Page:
by DICK POWELL

So, what are we to make of last weekend’s three-year-old races? I was not impressed by what I saw Saturday in the Tampa Bay Derby (G2) when QUIP was able to stalk WORLD OF TROUBLE and take over in the lane. FLAMEAWAY rallied nicely for third and the betting favorite, VINO ROSSO, was terrible.
 
The pace was extremely slow as was the final time. World of Trouble ran through the lane with his ears straight up like he was waiting for instructions what to do. I thought he had a chance to steal it and not only was he not able to but he was sent off as the betting favorite.
 
Quip won by a length in 1:44.72 and paid $40.20. Flameaway got the place by a neck and at least he showed he doesn’t have to be on the lead to do his best. Quip earned a solid BRIS speed rating of 98; a career best by 10 points.
 
Up at Aqueduct, the one-turn Gotham (G3) was run over a dull track and it looked like ENTICED would never get by OLD TIME REVIVAL. He finally did in the last furlong and went on to a 2 3/4-length win in 1:38.24 and earned a robust BRIS speed rating of 104. He won the Kentucky Jockey Club (G2) last November over Fountain of Youth (G2) winner PROMISES FULFILLED but did nothing in the Holy Bull (G2) at Gulfstream Park.
 
Enticed is the type horse that gives me a hard time and is probably way better than I think. The Saturday main track at Aqueduct was hard to gauge and despite a terrific pedigree for going two turns on the dirt, he looked to be the second string behind Kiaran McLaughlin’s other three-year-old AVERY ISLAND, who has been injured.
 
The real action was at Santa Anita over the weekend. The San Felipe (G2) lived up to its advance billing with a electrifying stretch duel between BOLT D’ORO and MCKINZIE, with McKinzie winning but was disqualified by the stewards for contact nearing the wire.
 
McKInzie worked brilliantly for the San Felipe and he raced brilliantly. Mike Smith got him into the pace and he raced in between horses. Javier Castellano looked like he had a perfect spot in behind the top three while saving ground on the rail.
 
Nearing the top of the stretch, McKinzie cruised to the lead and Bolt d’Oro made a sudden move to join him on the outside. It looked like he would go right by but Smith still had a lot of horse and when he asked McKinzie for more, the top two came together before straightening out.
 
The two battled as team in tight quarters and there was some more contact nearing the wire. Castellano had Bolt d’Oro so close to McKinzie that there was no room for Smith to use his right-hand whip so he had to go left-handed and he came out and bumped Bolt d’Oro.
 
The stewards looked, then looked some more, then, finally, took McKinzie down. I would not have made a change but there was some contact at a critical part of the race.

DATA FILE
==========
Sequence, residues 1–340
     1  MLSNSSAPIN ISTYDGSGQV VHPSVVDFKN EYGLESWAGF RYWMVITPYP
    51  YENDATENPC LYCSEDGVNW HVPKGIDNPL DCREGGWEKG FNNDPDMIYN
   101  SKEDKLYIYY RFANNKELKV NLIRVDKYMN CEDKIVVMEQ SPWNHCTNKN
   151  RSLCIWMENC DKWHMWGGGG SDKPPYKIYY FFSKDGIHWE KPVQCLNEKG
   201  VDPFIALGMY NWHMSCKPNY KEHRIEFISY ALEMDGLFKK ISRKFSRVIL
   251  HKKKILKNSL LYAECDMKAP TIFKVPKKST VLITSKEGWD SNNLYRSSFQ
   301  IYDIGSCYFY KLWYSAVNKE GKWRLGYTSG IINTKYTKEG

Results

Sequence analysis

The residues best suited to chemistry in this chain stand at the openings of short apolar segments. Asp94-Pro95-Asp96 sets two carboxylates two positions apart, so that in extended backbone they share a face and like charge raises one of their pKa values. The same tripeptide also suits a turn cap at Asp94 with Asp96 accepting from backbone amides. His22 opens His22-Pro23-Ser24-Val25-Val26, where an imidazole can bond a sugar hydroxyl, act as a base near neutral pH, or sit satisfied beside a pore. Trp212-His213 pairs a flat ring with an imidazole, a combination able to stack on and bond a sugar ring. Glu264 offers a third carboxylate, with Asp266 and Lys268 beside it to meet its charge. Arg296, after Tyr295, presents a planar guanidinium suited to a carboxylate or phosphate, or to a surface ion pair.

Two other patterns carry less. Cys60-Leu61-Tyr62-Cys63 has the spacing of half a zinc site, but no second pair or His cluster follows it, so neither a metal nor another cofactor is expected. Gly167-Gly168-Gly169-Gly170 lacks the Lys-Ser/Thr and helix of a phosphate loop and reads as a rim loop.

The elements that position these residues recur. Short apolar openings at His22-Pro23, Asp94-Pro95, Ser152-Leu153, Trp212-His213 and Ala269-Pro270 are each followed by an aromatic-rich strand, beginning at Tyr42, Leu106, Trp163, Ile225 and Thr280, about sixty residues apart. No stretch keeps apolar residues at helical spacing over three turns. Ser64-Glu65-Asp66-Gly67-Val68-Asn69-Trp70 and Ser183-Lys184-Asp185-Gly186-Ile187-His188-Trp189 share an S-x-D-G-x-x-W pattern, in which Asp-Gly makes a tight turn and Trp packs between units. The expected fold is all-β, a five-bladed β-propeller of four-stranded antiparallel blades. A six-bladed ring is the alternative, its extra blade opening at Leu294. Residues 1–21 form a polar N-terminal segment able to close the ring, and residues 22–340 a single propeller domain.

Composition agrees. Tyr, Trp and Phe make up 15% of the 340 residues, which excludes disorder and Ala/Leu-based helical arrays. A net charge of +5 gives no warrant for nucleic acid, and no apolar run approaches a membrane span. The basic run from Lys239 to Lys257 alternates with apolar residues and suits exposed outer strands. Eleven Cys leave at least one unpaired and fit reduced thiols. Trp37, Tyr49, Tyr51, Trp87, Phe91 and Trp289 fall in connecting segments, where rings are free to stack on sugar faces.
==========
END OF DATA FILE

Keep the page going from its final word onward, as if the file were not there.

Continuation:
Bolt d’Oro was gallant, coming off a long layoff with his schedule interrupted by a muscle pull in January. My only fear from his race was that it might have been too strenuous on him this close to the Kentucky Derby (G1) and we will see how he comes out of it.
 
McKinzie is the picture of consistency and is one tough customer. I expect to see him back in the Santa Anita Derby (G1) and a re-match with Bolt d’Oro.
 
Rains came later on Saturday and Sunday’s track was listed as muddy. JUSTIFY was coming back for another start after his brilliant debut on February 18. Bob Baffert said after that he had a plan to get to the Derby and this race must have been what he had in mind — a two-turn mile against allowance foes.
 
Mike Smith replaced Drayden Van Dyke in the irons and Justify was sent off at 1-20. The next highest price was almost 15-1. Smith let him walk out of the gate and engaged the leaders on the outside going into the clubhouse turn. The pace was hot — 22.42 and 45.10 — and Justify dragged him to the lead around the far turn.
 
Without any visible encouragement, Justify took off and it looked like your typical Baffert morning workout, except it was 1:35 p.m. (PDT). The son of Scat Daddy opened up five furlongs and won going away while being throttled down to a 6 1/2-length win. His final time was 1:35.73 and, considering the ground loss, it was awesome. As easy as it was, he earned a BRIS speed rating of 104.
 
The ability to cruise at a high speed and then go when the rider asks is what makes great horses. His cruising speed is as good as anyone’s and the energy he shows in the lane is awesome.
 
With that out of the way, he now needs Derby points and there are a lot of options available. The Arkansas Derby (G1) makes sense but that race might come up tougher than Baffert wants. I would make it known that is where Justify is going and maybe scare some of the contenders away. Regardless, nobody in their right mind wants to face him.